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dichlormid Pesticide Petition Filing 5/02

ENVIRONMENTAL PROTECTION AGENCY
[OPP-2002-0046; FRL-6836-4]
Notice of Filing a Pesticide Petition To Establish a Tolerance
fora Certain Pesticide Chemical in or on Food
AGENCY: Environmental Protection Agency (EPA).
ACTION: Notice.
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SUMMARY: This notice announces the amendment of the pesticide petition
(PP 6F3344) proposing the establishment of regulations for residues of
a certain pesticide chemical in or on various food commodities.
DATES: Comments, identified by docket control number OPP-2002-0046,
must be received on or before June 21, 2002.
ADDRESSES: Comments may be submitted by mail, electronically, or in
person. Please follow the detailed instructions for each method as
provided in Unit I. C. of the SUPPLEMENTARY INFORMATION. To ensure
proper receipt by EPA, it is imperative that you identify docket
control number OPP-2002-0046 in the subject line on the first page of
your response.
FOR FURTHER INFORMATION CONTACT: By mail: Treva Alston, Registration
Division (7505C), Office of Pesticide Programs, Environmental
Protection Agency, 1200 Pennsylvania Ave., NW., Washington, DC 20460;
telephone number: (703) 308-8373; e-mail address: alston.treva@epa.gov.
SUPPLEMENTARY INFORMATION:
I. General Information
A. Does this Action Apply to Me?
    You may be affected by this action if you are an agricultural
producer, food manufacturer or pesticide manufacturer. Potentially
affected categories and entities may include, but are not limited to:
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                                                          Examples of
           Categories                 NAICS codes         potentially
                                                       affected entities
------------------------------------------------------------------------
Industry                          111                 Crop production
                                  112                 Animal production
                                  311                 Food manufacturing
                                  32532               Pesticide
                                                       manufacturing
------------------------------------------------------------------------
    This listing is not intended to be exhaustive, but rather provides
a guide for readers regarding entities likely to be affected by this
action. Other types of entities not listed in the table could also be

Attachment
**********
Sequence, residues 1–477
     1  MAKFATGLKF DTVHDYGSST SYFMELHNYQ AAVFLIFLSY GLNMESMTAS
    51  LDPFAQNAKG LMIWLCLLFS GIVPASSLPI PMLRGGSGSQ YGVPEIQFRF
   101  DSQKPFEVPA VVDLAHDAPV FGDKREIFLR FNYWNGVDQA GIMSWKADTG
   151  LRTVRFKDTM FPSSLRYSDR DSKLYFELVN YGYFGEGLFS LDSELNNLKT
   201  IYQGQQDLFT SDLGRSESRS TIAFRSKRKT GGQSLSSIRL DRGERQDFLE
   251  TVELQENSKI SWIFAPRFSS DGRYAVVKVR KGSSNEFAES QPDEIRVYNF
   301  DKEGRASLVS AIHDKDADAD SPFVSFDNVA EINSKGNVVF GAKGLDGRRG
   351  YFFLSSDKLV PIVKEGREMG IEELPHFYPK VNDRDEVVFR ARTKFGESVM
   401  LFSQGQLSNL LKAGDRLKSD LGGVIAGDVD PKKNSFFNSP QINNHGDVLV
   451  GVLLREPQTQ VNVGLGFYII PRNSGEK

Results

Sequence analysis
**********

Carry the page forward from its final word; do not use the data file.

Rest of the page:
affected. The North American Industrial Classification System (NAICS)
codes have been provided to assist you and others in determining
whether or not this action might apply to certain entities. If you have
questions regarding the applicability of this action to a particular
entity, consult the person listed under FOR FURTHER INFORMATION
CONTACT.
B. How Can I Get Additional Information, Including Copies of this
Document and Other Related Documents?
    1. Electronically. You may obtain electronic copies of this
document, and certain other related documents that might be available
electronically, from the EPA Internet Home Page at http://www.epa.gov/.
To access this document, on the Home Page select ``Laws and
Regulations'' ``Regulation and Proposed Rules,'' and then look up the
entry for this document under the ``Federal Register--Environmental
Documents.'' You can also go directly to the Federal Register listings
at http://www.epa.gov/fedrgstr/.
    2. In person. The Agency has established an official record for
this action under docket control number OPP-2002-0046. The official
record consists of the documents specifically referenced in this
action, any public comments received during an applicable comment
period, and other information related to this action, including any
information claimed as confidential business information (CBI). This
official record includes the documents that are physically located in
the docket, as well as the documents that are referenced in those
documents. The public version of the official record does not include
any information claimed as CBI. The public version of the official
record, which includes printed, paper versions of any electronic
comments submitted during an applicable comment period, is available
for inspection in the Public Information and Records Integrity Branch
(PIRIB), Rm. 119, Crystal Mall 2, 1921 Jefferson Davis
Highway, Arlington, VA, from 8:30 a.m. to 4 p.m., Monday through
Friday, excluding legal holidays. The PIRIB telephone number is (703)
305-5805.
C. How and to Whom Do I Submit Comments?
    You may submit comments through the mail, in person, or
electronically. To ensure proper receipt by EPA, it is imperative that
you identify docket control number OPP-2002-0046 in the subject line on
the first page of your response.
    1. By mail. Submit your comments to: Public Information and Records
Integrity Branch (PIRIB), Information Resources and Services Division
(7502C), Office of Pesticide Programs (OPP), Environmental Protection
Agency, 1200 Pennsylvania Ave., NW., Washington, DC 20460.
    2. In person or by courier. Deliver your comments to: Public
Information and Records Integrity Branch (PIRIB), Information Resources
and Services Division (7502C), Office of Pesticide Programs (OPP),
Environmental Protection Agency, Rm. 119, Crystal Mall 2, 1921
Jefferson Davis Highway, Arlington, VA. The PIRIB is open from 8:30
a.m. to 4 p.m., Monday through Friday, excluding legal holidays. The
PIRIB telephone number is (703) 305-5805.